Facts for the C3 Stingray

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The iconic shape of a Corvette Stingray can turn heads even now, 30 years after the last Stingray was produced. This report is intended to provide information concerning the Corvette Stingray to all Corvette fans, whether you already own a Corvette, are contemplating buying a Corvette, or just like interesting facts and figures regarding classic Corvettes.

The C3 Corvette Stingrays are the creation of Corvettes produced between 1968 and 1982. When the term”C3″ is used, it refers to the fact they are the 3rd generation of Corvettes. Each generation of Corvette was given a designation as such. The recent Corvettes (as of 2011) are known as C6, or 6th generation Corvette. Each generation refers to any major changes that are made, such as body design, drivetrain, etc.. Of course, each year model within one generation varies slightly from one year to the next, yet they still maintain the same overall look and feel as the rest of their generation. In the case of C3 Corvettes, the engine and chassis components were mostly carried over from the previous generation, however the body and inside were new, thus the new generation designation. This can be very useful when looking for information regarding a particular year Corvette, as most Corvette enthusiasts refer to the generation more often than a specific year or range of years.

One of the most obvious truth that stands out about the C3 Corvette is that it was the first use of T-top removable roof panels at a Corvette. Lots of the 3rd generation Corvettes had detachable glass or fiberglass tops that allow the driver or passengers to remove the roof panels, therefore allowing a more open top.This was a somewhat novel concept at the time, and it wasn’t the originally intended design. The designers originally wanted to make the car a Targa Top, which means the whole roof panel is removable, therefore the shortened name T-Top. After testing, the engineers determined that the lack of a support brace in the middle proved structurally inadequate for the powerful V-8 engines. This combined with the fact that the body was made of fiberglass made for a potential design flaw that could cause the body to bend under acceleration, leading to cracked windshields, chipped paint, and other complications. As such, the designers added the brace in the center, which appeared to resemble the letter T. The name stayed”T-Top” even though the design was changed substantially from the original and the title was supposed to reflect the previous layout.

Throughout the C3 years, GM made many attempts to further the evolution of the Corvette, which ultimately has led to the present design. 1 such attempt, which is also a relatively little known fact, is that there was once a Rotary Engine Corvette. In 1970, Chevrolet licensed the Wankel rotary engine (similar to the type used from the famed Mazda RX7 and RX8) and started building a two-rotor and a four-rotor Corvette in its testing and experimental department. A fiberglass mockup was approved in June 1971 by then GM President Ed Cole. On September 13, 1973 that a 266 cubic inch two-rotor Corvette was exhibited in Frankfurt, Germany. The four-rotor 390 cubic inch Corvette was put on display in Paris, France on Oct. 4, 1973, in addition to the two-rotor. The 2-rotor engine GM developed was a fuel and petroleum hungry engine, and wasn’t practical for production. On September 24, 1974, GM President Ed Cole postponed the introduction of the Wankel engine, most likely because of emissions difficulties together with fuel and oil concerns. This venture failed to prove useful, however. It helped GM comprehend the limitations of the car, and venture forward into other areas of exploration.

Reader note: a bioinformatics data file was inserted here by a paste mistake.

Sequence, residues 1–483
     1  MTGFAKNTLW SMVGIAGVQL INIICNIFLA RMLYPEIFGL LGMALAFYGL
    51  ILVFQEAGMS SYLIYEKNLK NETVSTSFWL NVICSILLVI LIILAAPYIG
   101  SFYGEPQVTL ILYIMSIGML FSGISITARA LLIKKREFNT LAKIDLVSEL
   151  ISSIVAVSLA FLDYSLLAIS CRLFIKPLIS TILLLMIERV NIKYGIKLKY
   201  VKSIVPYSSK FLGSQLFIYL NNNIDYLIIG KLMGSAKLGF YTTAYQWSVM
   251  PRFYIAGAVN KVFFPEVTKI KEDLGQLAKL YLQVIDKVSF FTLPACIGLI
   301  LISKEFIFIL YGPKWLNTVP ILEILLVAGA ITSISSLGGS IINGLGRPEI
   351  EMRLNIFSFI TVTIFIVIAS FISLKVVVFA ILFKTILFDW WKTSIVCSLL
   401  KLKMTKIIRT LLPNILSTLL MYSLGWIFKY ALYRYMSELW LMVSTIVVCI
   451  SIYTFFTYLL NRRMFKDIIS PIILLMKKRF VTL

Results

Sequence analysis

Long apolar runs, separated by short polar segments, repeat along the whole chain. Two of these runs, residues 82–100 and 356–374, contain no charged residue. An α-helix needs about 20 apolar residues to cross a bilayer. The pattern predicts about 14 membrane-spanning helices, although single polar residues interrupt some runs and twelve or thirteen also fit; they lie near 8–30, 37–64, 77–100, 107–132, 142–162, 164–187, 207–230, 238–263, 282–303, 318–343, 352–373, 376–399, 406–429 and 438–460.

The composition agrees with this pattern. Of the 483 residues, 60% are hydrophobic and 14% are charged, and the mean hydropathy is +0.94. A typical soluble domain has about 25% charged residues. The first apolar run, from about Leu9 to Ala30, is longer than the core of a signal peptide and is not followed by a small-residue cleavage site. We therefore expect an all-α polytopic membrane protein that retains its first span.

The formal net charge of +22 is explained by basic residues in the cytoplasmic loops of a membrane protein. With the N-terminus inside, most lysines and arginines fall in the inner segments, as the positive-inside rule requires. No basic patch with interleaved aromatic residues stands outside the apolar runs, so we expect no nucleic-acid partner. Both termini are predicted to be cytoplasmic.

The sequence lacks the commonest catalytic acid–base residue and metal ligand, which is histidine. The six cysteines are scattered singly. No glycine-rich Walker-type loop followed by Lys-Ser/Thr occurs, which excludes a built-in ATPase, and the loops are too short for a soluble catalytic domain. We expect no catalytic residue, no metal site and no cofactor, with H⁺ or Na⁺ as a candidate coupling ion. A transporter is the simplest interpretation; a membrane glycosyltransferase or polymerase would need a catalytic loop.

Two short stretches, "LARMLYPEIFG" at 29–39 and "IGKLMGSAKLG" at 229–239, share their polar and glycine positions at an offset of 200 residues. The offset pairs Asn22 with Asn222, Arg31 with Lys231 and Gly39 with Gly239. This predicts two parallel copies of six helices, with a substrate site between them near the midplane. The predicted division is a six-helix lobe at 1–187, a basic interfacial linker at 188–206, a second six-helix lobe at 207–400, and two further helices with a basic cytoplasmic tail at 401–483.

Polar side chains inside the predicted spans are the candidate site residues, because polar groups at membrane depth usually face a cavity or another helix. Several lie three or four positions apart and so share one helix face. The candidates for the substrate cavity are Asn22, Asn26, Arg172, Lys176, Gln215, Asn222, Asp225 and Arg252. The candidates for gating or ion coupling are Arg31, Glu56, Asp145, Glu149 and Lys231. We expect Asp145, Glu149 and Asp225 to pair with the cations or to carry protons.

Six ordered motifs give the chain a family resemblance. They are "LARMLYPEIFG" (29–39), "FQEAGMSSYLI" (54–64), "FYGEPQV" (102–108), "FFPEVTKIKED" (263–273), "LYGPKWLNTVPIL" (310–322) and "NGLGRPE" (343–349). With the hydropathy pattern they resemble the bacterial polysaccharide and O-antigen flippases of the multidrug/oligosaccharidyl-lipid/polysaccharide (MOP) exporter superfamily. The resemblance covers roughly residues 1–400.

Another of those innovative ideas was taking shape around the exact same time. GM attempted to produce a mid-engine Corvette, to rival the mid-engine sports cars of Italy. The engine was a 400 cubic inch small block V-8 mounted behind the seats, transversely (like the majority of the front wheel drive cars, with the engine sitting sideways). Shortly after the 2 were constructed, John DeLorean, the man who later started the firm bearing his name behind the famous DeLorean cars of Back To The Future fame, became Chevrolet general manager. John cancelled the program, as it was expensive and impractical to construct. It was the hit of the car show, but GM never produced or marketed the XP-882 Corvette. At least one, if not both, of these extremely rare Corvettes is still known to exist.